formal objection on pre-binding

This is a formal objection to the definition of pre-binding approved by the
working group in its meeting of 26 April 2017 and in the SHACL Editor's
Draft current as of 28 April 2017 (but with date indicated as 11 April

Pre-binding has never had a suitable definition in SHACL.  Problems with
pre-binding have been known to the working group since at least June of
2015.  The current definition of pre-binding has multiple documented
problems.  The only change to pre-binding from Candidate Recommendation has
been to paper over some of these problems by excluding large numbers of

These exclusions introduce new interoperability problems for SHACL.  These
exclusions remove many useful SPARQL queries from SHACL-SPARQL, including an
example SPARQL query in the SHACL document.  These exclusions also do not
exclude all SPARQL queries whose meaning is not as expected with

The solution to the continuing problems with pre-binding is not to exclude
more and more of SPARQL but to either fix pre-binding so that it works
correctly or eliminate pre-binding from SHACL.

Although this is nowhere stated in the SHACL document, it appears that the
indent of the current definition of pre-binding is to make the binding of a
pre-bound variable available everywhere in the query except for in
sub-queries that do not project the variable.  The current definition of
pre-binding tries to achieve this by two main mechanisms.  The first
mechanism is renaming of variables in sub-queries that are not projected to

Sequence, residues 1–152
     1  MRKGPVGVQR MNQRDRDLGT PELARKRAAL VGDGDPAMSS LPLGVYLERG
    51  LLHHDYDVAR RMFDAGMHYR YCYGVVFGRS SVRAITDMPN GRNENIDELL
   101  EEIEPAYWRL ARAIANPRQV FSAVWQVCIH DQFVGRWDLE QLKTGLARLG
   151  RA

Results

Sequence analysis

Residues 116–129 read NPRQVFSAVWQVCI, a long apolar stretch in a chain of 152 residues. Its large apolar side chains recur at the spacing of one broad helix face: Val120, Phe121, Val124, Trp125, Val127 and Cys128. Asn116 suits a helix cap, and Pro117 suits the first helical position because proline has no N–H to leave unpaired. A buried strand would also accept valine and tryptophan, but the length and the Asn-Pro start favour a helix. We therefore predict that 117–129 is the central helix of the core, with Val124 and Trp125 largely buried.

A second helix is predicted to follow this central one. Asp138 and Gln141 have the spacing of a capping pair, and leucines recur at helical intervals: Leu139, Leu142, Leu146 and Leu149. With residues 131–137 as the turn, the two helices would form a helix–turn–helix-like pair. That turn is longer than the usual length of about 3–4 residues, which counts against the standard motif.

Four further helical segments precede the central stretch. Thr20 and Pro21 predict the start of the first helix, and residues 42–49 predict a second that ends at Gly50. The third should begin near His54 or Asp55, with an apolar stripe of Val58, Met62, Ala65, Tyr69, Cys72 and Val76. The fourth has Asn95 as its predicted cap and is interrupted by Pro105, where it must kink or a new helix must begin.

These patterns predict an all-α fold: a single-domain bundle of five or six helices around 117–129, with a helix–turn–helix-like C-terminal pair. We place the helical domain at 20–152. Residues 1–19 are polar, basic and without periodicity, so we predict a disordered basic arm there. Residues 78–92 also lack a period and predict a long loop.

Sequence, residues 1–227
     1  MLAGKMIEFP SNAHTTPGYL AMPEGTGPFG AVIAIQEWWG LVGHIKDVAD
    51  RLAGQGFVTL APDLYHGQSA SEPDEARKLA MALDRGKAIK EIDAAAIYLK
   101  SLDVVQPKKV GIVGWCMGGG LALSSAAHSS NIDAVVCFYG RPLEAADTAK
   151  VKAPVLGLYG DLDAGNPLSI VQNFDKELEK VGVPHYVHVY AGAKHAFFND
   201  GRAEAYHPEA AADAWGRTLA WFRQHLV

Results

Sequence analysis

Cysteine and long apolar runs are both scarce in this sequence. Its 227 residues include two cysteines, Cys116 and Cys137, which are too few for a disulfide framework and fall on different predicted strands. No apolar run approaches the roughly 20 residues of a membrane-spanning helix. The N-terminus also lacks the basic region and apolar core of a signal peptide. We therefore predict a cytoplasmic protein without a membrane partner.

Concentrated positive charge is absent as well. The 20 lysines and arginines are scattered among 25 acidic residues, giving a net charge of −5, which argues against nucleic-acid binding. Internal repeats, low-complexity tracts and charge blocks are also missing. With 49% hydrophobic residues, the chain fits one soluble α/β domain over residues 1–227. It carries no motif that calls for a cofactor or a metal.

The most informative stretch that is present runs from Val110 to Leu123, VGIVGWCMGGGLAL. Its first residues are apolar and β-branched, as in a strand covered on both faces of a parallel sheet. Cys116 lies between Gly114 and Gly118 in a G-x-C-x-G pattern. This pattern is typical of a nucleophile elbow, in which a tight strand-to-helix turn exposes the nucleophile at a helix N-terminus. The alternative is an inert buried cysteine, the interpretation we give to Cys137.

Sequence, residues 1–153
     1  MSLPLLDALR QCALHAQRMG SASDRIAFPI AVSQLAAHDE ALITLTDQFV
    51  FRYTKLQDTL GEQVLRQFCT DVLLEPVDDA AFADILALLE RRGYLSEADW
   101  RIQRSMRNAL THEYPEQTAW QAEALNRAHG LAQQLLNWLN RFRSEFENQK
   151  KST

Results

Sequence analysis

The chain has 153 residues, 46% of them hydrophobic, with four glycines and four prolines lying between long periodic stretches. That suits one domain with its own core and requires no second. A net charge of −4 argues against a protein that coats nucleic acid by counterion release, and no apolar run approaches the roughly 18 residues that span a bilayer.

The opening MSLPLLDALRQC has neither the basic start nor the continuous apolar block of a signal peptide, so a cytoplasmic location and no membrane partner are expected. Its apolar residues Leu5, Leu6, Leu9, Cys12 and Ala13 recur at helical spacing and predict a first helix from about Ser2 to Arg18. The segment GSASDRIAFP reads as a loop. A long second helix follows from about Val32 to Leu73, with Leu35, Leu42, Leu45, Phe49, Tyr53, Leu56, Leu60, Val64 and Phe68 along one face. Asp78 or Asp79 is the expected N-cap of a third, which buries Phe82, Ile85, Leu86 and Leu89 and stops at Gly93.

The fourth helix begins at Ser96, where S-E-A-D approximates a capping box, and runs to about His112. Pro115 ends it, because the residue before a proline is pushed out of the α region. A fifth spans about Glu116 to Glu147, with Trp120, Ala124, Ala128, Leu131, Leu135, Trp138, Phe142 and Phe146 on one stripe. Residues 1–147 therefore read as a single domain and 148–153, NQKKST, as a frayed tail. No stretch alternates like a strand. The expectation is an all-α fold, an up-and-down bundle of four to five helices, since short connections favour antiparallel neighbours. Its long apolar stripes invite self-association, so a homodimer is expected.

fresh variables.  The second mechanism joins pre-bound bindings to all basic
graph patterns, property path expressions, and named graph patterns in the

However, the current definition of pre-binding fails to achieve the goal
stated above.  The bindings of pre-bound variables are sometimes not
available when needed.  This causes problems in a large number of queries,
many of which have been already pointed out.  Also the pre-bound bindings
are available even in places where none of the variables are in scope.  This
causes problems for MINUS.

The recent changes to the pre-binding section of the SHACL document do not
actually change the definition of pre-binding to fix these problems but
instead just exclude many SPARQL queries from SHACL, presumably to keep only
non-problematic queries.  The exclusions are very broad, and eliminate many
queries that do not have any problems for the current definition of

The exclusion of so many SPARQL queries, particularly as many of them are
non-problematic, is a new source of interoperability problems for SHACL.  It
is easy for users to write SHACL-SPARQL shapes that are excluded.  The
behaviour of SHACL-SPARQL implementations on these excluded shapes is
undefined but SHACL-SPARQL implementations are not required to produce any
sort of signal when they encounter these excluded shapes.  Different
completely conforming SHACL-SPARQL implementations are thus allowed to
silently produce different results for these shapes.

The exclusions are so broad that they even exclude the example potential
definitional query for sh:EqualsConstraintComponent in the current SHACL
document itself.

The exclusions do not even exclude all problematic queries.  For example, a
SPARQL-SHACL shape based on the non-excluded query
    { SELECT $this ?class WHERE { VALUES ?class { ex:C ex:D } } }
    BIND ( $this AS ?that )
    ?that a ?class . }
will produce violations for all target nodes whenever any node in the graph
has ex:C or ex:D as a value for rdf:type counter to the expectation that it
should produce violations only for target nodes that have ex:C or ex:D as a
value for rdf:type.

The use of a problematic definition of pre-binding needs to be eliminated
from SHACL.  Papering over these problems, even if possible, is not a
suitable solution.

Peter F. Patel-Schneider
Nuance Communications

Received on Tuesday, 2 May 2017 15:53:16 UTC